-- An inspirational group of 6th-graders have released a catchy rap video on education that's been shared -- and learned -- by thousands.
Terrance Sims is the 6th-grade math teacher who recorded the rap with his class from Milwaukee Excellence School in Milwaukee.
Sims said he's been using hip-hop to get his students excited to learn. The video and song, "Excellence First," encourages the message of staying in school.
Today the kids performed the song live on ABC's "Good Morning America."
"I just started at this school this year, and when I got there, I wanted the kids to know right away that this was my approach to teaching," Sims told ABC News. "So I wrote an introductory rap at the start of the school year to get them hooked in. The ball got rolling, and they started adding for lyrics. It catapulted to what it is today."
After the video got thousands of views on Instagram and YouTube, stars like Jada Pinkett Smith and former first lady Michelle Obama took to social media to sing the kids' praises.
"Young Queens – Stay focused," Michelle Obama commented on the video, which was shared on the Instagram page Black Girls Rock. "Stay motivated. Never quit. I’m with you, and couldn’t be prouder.”
"To know that my students are being the voice of the youth right now and that they're saying something positive, and that they're using hip-hop to do it and it's being seen nationwide and worldwide, it's just huge," Sims said of the feedback received from the video.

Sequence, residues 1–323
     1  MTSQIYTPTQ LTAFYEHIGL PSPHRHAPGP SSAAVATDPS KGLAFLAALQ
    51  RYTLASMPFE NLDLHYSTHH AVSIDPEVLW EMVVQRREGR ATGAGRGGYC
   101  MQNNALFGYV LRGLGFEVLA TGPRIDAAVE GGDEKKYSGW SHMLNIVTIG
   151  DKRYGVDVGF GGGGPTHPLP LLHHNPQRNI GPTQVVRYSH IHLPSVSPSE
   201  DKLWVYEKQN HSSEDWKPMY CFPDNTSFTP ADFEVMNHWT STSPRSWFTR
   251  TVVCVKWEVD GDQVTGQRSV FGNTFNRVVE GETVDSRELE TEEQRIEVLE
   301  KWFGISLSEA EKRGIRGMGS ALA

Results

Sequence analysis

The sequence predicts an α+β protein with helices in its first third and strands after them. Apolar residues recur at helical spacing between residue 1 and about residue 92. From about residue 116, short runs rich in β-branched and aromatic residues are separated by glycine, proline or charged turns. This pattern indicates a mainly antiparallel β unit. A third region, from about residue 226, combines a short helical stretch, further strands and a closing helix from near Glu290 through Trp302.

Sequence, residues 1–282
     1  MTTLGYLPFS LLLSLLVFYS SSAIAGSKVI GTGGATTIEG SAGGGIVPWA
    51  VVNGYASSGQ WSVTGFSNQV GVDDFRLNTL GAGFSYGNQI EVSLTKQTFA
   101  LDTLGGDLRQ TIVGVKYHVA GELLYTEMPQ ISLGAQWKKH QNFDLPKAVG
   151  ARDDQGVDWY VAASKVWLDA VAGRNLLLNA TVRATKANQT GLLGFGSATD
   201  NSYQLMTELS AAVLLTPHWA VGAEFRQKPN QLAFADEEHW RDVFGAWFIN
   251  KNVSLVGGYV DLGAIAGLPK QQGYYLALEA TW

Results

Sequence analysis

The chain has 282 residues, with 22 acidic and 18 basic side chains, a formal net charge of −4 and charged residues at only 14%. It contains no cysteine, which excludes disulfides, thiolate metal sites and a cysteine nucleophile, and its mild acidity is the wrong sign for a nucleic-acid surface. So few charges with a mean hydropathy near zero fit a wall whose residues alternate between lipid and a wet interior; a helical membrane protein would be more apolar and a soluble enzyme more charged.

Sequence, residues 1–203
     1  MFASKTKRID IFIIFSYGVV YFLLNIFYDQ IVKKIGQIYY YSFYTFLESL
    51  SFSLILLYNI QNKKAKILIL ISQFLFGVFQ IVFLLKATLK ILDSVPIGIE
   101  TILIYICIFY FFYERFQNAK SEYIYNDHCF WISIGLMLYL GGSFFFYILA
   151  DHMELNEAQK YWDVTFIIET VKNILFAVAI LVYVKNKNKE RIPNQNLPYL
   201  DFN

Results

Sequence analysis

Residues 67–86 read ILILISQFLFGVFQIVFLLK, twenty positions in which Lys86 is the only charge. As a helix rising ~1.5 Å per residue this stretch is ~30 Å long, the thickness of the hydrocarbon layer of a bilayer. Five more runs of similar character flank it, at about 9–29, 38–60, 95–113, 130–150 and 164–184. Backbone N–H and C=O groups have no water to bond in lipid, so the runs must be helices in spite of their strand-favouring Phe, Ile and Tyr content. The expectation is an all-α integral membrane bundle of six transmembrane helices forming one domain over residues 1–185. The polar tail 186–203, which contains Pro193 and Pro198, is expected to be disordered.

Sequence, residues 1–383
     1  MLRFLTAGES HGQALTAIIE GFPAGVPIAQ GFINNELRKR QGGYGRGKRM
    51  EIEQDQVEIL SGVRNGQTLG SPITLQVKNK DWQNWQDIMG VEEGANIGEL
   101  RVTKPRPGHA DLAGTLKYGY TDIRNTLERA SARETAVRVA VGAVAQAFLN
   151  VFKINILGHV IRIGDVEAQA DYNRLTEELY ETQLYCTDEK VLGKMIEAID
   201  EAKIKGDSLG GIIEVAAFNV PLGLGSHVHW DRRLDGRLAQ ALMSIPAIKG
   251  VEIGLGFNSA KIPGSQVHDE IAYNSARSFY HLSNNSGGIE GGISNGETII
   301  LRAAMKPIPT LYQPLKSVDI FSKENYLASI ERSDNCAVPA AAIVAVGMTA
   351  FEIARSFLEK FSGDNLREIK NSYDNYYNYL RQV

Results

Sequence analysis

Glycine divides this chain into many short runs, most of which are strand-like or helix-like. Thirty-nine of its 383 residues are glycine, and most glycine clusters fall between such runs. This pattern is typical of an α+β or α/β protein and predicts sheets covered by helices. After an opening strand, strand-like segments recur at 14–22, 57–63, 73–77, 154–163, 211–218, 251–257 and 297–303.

Savannah Patterson said she thinks the song is important for other students her age to hear.
"A lot of kids have been listening to negative songs and they probably know every lyric," Savannah added. "So, I wanted everyone to see how many people will actually know the lyrics to our song and we wanted to motivate the kids and let them know that they're not standing alone."
Student Aryn Fears said, "I think it's important because some students try to fit in and be like everyone else, but you don't have to be like everybody else in order to succeed."
Sims said he hopes to encourage his know to believe that college is an obtainable goal.
"I think, especially when you look at African-Americans in school, there's a strong stereotype that they're not supposed to be successful, but that is so far from the truth," he said. "These lyrics are meant to show anybody that college is possible."
Asked what they'd like to be when they grow up, Savannah said she'd like to be a lawyer, and Aryn has dreams of becoming a singer.